With those points in mind, how much protein do bodybuilders need. The RDA recommendations may not be sufficient enough for active individuals. It is possible that too little protein inhibits the body’s ability to offset the oxidation of amino acids during vigorous activity such as cardio and lifting. Ideally active individuals, such as bodybuilders and athletes, should be anywhere from 1.0 gram to 1.6 -2.0 grams per kilogram of bodyweight. The harder you push yourself, the higher on the scale you should be.

Sources of Protein in Your Diet

Remember to stay away from fatty slabs of beef to increase protein and bulk up. You are asking for increased fat instead and heart disease. I also encourage you to avoid the pre-packaged foods and snacks the boast about added protein. In most cases they come with more sugar than they do protein. It isn’t worth it. Stick to these healthy sources of protein for added muscle and muscle performance.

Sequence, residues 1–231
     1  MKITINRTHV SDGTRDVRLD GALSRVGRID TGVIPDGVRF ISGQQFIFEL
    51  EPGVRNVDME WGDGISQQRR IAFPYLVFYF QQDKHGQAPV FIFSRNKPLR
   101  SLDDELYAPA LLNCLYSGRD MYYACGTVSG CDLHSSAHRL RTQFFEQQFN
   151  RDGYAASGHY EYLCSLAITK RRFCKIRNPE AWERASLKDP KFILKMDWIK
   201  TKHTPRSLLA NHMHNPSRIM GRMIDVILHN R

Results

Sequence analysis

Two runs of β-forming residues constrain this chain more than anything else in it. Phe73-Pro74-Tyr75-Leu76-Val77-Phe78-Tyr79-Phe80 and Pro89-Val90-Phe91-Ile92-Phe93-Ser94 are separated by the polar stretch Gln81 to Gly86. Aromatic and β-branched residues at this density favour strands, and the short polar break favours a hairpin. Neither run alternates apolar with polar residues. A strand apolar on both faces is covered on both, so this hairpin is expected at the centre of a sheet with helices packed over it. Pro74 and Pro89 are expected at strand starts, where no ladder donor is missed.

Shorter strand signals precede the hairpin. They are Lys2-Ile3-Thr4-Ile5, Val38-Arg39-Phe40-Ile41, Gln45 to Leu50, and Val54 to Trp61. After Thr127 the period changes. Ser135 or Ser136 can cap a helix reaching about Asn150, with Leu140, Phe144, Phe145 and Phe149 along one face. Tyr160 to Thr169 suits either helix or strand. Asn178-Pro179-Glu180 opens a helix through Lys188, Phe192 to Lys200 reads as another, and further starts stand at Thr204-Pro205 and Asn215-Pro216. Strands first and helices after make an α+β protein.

• Dairy
  • Leans meats such as turkey and chicken
  • Dish
  • Nuts and legumes
  • Protein powder
  • Amino acid supplements

Find the best protein powder for your needs and dietary restrictions.

What is L-Citrulline and Its Role in Building Muscle?

Earlier I told you that L-Citrulline is an amino acid, but you might notice that it isn’t on the essential, non-essential, or conditional amino acids lists. L-citrulline is a non-essential amino acid, which means your body needs it but cannot produce it. So, you must add L-citrulline to your diet through other means. The kidneys convert L-citrulline into yet another amino acid called L-arginine.

About L-Arginine

L-arginine is yet another component of a urea cycle. L-arginine is a nonessential amino acid. The amino acid has antiatherogenic (preventing accumulation of lipids that contain plaque), anti-ischemic (reduced blood flow to heart), and anti-thrombotic (reduces blood clots) properties. L-arginine is safe for most populations, but if you suffer from allergies, asthma, or frequent stomach discomfort, L-arginine may exacerbate these concerns. Generally, the low toxicity of l-arginine is why many use it.

L-arginine is used for common heart-related issues and diseases, to improve memory health, for erectile dysfunction, and to improve blood flow to muscle and the skin to shorten recovery time. However, too much l-arginine can lead to cramping, stomach pain, bloating, and nausea.